A few years later I was working the Underworld in Camden. As the name would suggest, it was a grungy basement rock club. We had Rage Against The Machine, Pearl Jam—all kinds of bands that went on to be huge would have their first London show there.
One night we had a heavenly records party with several of their bands playing St Etienne, Flowered Up, etc., and first on the bill was a young Welsh band. They had no engineer so I was going to mix them. They had on really tight white jeans like the Clash, Panda like eye make-up, and situationist slogans on their shirts. They plugged in and started bashing away. I stopped them after a few seconds and said “don’t those amps go any louder?”
Roadie rule no.1: Always be nice to the support band. You never know.
They looked surprised turned them up and started playing. I was blown away at the ferocity of their music and lyrics. After the soundcheck we were chatting and they told me that no one had ever told them to turn their amps up, in fact they were normally told to turn them down. They were so happy that they asked me to join their tour that started the next day. They hadn’t even heard me mix. I handed in my notice and started touring with Manic Street Preachers. I worked with them on and off for nearly twenty years. We started with just the five of us in a transit van playing to fifty people and ended up headlining Glastonbury and doing stadium gigs.
In fact it was at a Manics Production rehearsal that I first encountered the VENUE D-Show console for the first time. A close friend of mine, Mike Case, had just got a job to launch a new live console from the people who made Pro Tools, then called Digidesign but now known as Avid.
I was a huge analogue head and had a massive English desk with an extension and several racks of effects. Mike asked me try out this new console. It ran plug-ins live and they had invented this thing called ‘Virtual Soundcheck.’ I was intrigued and got them to set it up next to my regular desk. I ran them both in parallel so I could jump from one to the other. We had a few days of production rehearsals at the SEC in Glasgow and I would try it out every day doing an A/B test, digital versus analogue.
The first thing that got my attention was Virtual Soundcheck. Whilst the band was on stage we could record at the point of A to D conversion directly to Pro Tools. After the band had left I could bring the recording back into the desk and keep working on the sound of each song and save them as a snapshot. This meant I could mix and produce a live concert as if I was producing an album. I was blown away. Then the plug-ins. The fact that I could have all these amazing effects running straight from the DSP of the console was stunning. I couldn’t believe how amazing these digital simulations of analogue kit sounded.
I had some beautiful (and hugely expensive) analogue compressors in my racks, tape delays, high-end digital reverbs—the best that they had in the Britannia Row warehouse. I experimented and experimented.
Comparing the plug-ins to my old racks, trying new sounds, new possibilities. I stayed there all night by myself in this huge arena because I was so excited. I did the first show of the tour with both desks set up in case I had a panic during the show, but mixed the entire gig on the D-Show. It went really well and I was surprised at how comfortable I had felt. By the third show of the tour the analogue desk stayed on the truck, and by the end of the first week I’d sent it all back to the Brit Row warehouse. I’ve never mixed a gig on anything other than an Avid desk since (actually there was one exception to that, Live8, but that’s for another blog).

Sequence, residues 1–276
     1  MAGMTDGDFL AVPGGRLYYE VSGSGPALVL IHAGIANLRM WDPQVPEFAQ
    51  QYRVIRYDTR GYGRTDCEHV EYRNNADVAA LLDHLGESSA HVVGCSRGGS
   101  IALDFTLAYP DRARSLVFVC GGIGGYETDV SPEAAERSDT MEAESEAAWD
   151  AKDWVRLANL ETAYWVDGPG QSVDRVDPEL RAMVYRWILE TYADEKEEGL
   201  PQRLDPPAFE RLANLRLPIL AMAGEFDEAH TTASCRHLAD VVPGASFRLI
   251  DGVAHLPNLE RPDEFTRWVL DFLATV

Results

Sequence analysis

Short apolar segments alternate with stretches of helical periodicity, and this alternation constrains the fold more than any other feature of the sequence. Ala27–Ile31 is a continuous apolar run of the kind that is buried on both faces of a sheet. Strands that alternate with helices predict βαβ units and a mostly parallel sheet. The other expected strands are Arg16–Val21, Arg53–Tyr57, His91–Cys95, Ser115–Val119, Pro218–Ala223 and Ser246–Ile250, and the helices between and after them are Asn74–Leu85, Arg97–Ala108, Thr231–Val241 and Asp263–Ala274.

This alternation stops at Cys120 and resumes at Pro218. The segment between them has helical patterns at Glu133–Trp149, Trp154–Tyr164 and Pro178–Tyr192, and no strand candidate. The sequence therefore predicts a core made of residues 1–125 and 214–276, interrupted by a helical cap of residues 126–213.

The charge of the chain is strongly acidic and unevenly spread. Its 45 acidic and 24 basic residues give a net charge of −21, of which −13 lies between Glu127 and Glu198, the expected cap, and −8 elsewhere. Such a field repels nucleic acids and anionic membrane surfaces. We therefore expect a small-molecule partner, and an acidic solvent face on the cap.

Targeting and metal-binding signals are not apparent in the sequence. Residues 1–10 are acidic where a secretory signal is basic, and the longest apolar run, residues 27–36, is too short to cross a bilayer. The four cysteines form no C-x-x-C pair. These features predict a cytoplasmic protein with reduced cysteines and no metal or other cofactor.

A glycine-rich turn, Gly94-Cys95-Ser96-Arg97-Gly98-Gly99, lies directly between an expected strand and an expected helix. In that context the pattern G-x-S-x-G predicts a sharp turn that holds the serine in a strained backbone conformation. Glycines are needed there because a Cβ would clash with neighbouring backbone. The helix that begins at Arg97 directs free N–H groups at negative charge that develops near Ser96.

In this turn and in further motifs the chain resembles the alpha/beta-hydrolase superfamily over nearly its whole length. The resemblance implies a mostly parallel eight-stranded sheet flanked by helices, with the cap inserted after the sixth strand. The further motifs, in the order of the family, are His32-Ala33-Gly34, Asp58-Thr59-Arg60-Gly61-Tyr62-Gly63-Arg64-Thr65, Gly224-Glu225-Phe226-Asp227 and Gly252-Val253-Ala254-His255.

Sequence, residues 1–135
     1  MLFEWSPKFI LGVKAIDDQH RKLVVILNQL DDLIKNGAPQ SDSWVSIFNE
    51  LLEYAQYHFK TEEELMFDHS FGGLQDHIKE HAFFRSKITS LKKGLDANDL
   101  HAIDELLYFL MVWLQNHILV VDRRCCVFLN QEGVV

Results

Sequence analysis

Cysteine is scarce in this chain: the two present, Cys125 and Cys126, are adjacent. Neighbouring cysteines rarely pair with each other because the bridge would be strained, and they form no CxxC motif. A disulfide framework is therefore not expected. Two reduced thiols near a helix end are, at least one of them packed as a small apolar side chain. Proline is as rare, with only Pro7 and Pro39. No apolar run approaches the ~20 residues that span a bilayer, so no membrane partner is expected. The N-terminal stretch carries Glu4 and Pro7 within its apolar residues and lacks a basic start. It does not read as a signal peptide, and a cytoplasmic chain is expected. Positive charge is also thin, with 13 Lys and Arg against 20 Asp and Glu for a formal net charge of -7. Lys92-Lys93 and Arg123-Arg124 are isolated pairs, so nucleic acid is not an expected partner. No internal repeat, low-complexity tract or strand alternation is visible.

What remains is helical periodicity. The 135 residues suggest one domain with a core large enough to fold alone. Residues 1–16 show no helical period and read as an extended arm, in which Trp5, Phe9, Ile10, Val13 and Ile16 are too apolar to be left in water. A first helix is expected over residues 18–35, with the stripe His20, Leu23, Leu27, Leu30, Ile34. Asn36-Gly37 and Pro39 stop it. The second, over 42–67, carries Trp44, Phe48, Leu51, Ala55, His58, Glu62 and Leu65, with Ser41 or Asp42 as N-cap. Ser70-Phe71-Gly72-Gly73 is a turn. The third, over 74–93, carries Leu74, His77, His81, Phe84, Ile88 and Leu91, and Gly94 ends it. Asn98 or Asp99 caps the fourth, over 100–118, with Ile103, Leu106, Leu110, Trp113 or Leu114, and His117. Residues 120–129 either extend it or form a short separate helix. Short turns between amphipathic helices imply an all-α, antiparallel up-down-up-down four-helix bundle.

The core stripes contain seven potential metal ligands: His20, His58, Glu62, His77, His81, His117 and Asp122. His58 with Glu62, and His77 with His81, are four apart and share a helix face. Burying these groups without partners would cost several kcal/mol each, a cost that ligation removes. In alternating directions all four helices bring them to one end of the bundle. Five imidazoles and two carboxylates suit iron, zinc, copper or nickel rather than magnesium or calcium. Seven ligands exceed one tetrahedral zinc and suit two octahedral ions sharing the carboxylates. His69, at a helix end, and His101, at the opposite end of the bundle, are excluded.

Joining the VENUE Team
I was such a fan that Avid asked me to help out with the odd seminar or show engineers how to set up their mix the first time they worked with a D-Show. By 2006 I was working full time for Avid. For the first time in my life I had a ‘proper job.’ I’ve had a few roles over the last couple of years, but my work at Avid is now within the Product team. The S3L is the first console that Avid have produced that I’ve had a part in since its conception. There is a team of brilliant engineers designing and making the hardware, writing the code, etc. Al McKinna manages the team, and his job is to keep everyone swinging on the same branch. My esteemed colleague Robert Scovill and I help with human interface, or workflow. Rob is such an award-winning, fabulous, and successful sound Jedi that bands audition to do the music for him to mix. There is a young Canadian singer, allegedly so disappointed with his refusal that he went completely off the rails. Me, I’m more your roadie journeyman. I looked up the official title of what we do, it’s: User Operation & Product Design Consulting. We try between us to make sure that however innovative and radical the design concepts become the desk is something that our peers feel comfortable with and can work on.
That’s why I’m so excited to be taking S3L out on tour. We’ve spent years working on the concept, arguing over minutiae, trying to think of everything. I’ve also spent the last six month with my colleague Chris Lambrechts doing hands on training, for what felt like, nearly every sound engineer in Europe, the Middle East, and Africa. More than 1,200 of our audio brothers and sisters have attended our training sessions.
BTW, there have been so many great ideas fed back to us from these sessions, many of which will be included in future updates. Thanks to everyone who attended—I totally stole all your ideas and pretended they were mine! The S3L training tour is next in Dubai, then France, and will continue after the summer; watch out for dates close to you. So now I get to stop talking about mixing on S3L and just get on with, well, doing it… apart from this blog series which I’ll keep going throughout the Massive Attack tour. We’re playing some interesting places, including Glastonbury, Iceland, Lebanon, and the brilliant Montreux Jazz Festival. I’ll try to remember all that happens and talk about the PA systems, the crowds, the bands, and especially how it is to take the world’s coolest small console on tour.